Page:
The vote on Thursday came a day after the EU gave its largest formerly communist member state a week to shelve judicial reforms that Brussels says would put courts under direct government control. If Warsaw's ruling nationalist-minded conservatives do not back down, they could face fines and even a suspension of voting rights, although other eurosceptics in the EU, notably Hungary, will likely veto strict punishment.
General view of the Polish parliament before the voting on the bill that calls for an overhaul of the Supreme Court, in Warsaw, Poland, July 20, 2017. Agencja Gazeta/Slawomir Kaminski/via REUTERSWARSAW (Reuters) - Polish lawmakers passed a bill on Thursday that would allow parliament to appoint Supreme Court judges, defying objections from lawyers, opposition leaders and the European Union that the move undermines democracy and the rule of law.
WARSAW (Reuters) - Poland's lower house of parliament passed a contested Supreme Court law on Thursday which the opposition says would erode the independence of the judiciary and undermine democracy. The bill, submitted by the conservative, ruling Law and Justice (PiS) party, must now be approved by the upper house. PiS has a majority in both houses of parliament. Reporting by Pawel Sobczak; Writing by Lidia Kelly; Editing by Gareth Jones
Muck Rack makes it simple to find people, tweets, or articles that mention any name, keyword, company, hashtag etc. We've compiled this guide to help you make the most of your search.
Selecting a term
Start searching tweets, articles from media outlets, articles mentioned in tweets, journalists'
names, titles and bios with some suggested searches:
Companies or Topics (e.g. iPhone, Microsoft)
Phrases (e.g. "cloud computing") — use quotes to keep the terms together
Twitter handles (e.g. @username) — returns those who have mentioned or replied to
Names (e.g. "David Pogue")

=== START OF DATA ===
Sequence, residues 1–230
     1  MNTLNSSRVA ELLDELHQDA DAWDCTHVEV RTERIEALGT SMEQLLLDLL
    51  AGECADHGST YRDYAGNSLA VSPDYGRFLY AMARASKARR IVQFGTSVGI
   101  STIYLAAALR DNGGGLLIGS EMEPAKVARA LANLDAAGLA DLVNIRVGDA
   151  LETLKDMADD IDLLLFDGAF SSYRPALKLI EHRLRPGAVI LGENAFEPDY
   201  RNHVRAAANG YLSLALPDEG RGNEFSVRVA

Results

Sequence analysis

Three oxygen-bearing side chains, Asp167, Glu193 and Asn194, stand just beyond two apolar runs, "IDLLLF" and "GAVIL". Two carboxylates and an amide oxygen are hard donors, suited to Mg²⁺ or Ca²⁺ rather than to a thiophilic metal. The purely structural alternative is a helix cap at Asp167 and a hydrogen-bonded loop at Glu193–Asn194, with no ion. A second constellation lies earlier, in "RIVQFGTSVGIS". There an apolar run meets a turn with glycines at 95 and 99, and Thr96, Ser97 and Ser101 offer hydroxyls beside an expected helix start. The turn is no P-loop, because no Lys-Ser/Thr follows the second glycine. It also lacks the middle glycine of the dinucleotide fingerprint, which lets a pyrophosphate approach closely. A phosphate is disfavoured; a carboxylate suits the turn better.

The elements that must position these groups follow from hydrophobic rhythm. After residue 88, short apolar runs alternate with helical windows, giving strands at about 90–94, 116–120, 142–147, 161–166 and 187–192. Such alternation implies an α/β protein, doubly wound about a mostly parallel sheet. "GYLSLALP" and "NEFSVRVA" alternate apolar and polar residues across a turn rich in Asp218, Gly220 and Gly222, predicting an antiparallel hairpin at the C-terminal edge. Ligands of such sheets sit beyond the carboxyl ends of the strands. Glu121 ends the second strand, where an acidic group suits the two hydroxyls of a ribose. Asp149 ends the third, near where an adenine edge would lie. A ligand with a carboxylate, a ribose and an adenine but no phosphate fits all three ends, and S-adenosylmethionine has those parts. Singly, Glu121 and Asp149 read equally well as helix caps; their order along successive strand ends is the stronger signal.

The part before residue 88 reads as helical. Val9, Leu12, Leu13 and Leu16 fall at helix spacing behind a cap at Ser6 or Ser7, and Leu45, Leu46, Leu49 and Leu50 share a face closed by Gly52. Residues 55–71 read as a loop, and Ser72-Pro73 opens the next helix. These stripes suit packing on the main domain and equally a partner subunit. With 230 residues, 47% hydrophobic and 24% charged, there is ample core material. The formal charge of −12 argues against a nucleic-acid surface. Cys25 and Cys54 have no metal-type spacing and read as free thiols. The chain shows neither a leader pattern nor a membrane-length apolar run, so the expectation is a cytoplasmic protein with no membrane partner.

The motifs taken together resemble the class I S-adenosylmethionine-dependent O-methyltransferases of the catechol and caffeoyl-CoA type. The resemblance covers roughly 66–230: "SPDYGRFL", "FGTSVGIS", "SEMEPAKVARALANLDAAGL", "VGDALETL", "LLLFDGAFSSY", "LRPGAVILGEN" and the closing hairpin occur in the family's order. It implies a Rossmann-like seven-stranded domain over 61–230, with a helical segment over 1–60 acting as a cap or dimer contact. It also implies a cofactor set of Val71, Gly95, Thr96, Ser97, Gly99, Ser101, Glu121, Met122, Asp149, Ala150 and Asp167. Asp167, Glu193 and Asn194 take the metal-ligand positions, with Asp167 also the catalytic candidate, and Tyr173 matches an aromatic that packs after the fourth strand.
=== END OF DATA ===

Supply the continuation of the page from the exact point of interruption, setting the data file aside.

Hashtags (e.g. #sxsw, #london2012)
Bio details (e.g. vegan, Olympics, father)
Muck Rack's Advanced Search allows for many boolean operators.
Find results that mention multiple specified terms, use AND or
+. For example, ensure each result contains both Elon Musk and Mark Zuckerberg by
searching Obama AND Romney or Obama + Romney.
Use the operators OR or , to broaden your search when you'd like either of
multiple terms to appear in results. (This is the default behavior of our search when no operators
are used.) For example, search for democrat OR republican to find results that refer to
Democrats and/or Republicans.
Use NOT or - to subtract results from your search. For
example, searching Disney will yield results about the Walt Disney Company as well as Walt Disney
World Resort. To exclude mentions of Disney World, search for Disney -World or Disney
When using one of these operators with a phrase, enclose it in quotation marks. For example, you can
find results about smartphones excluding Apple's iPhone 4S by searching smartphone -"iPhone
Exact case matching or punctuation
If you're searching for a brand name or keyword that relies on specific punctuation marks or capitalization, you can
find results that match your exact query by adding matchcase: before the keyword you're searching for, like matchcase:E*TRADE .
Use parentheses to separate multiple
boolean phrases. For example, to find journalists talking about having fun in Disney World or
Disneyland, search for ("disney world" OR disneyland) AND fun.
An asterisk can be used to search for any variation of a root word truncated by the asterisk. For example, searching for admin* will return results for administrator, administration, administer, administered, etc.
A near operator is an AND operator where you can control the distance between the words. You can vary the distance the near operation uses by adding a forward slash and number (between 0-99) such as strawberries NEAR/10 "whipped cream", which means the strawberries must exist within 10 words of "whipped cream".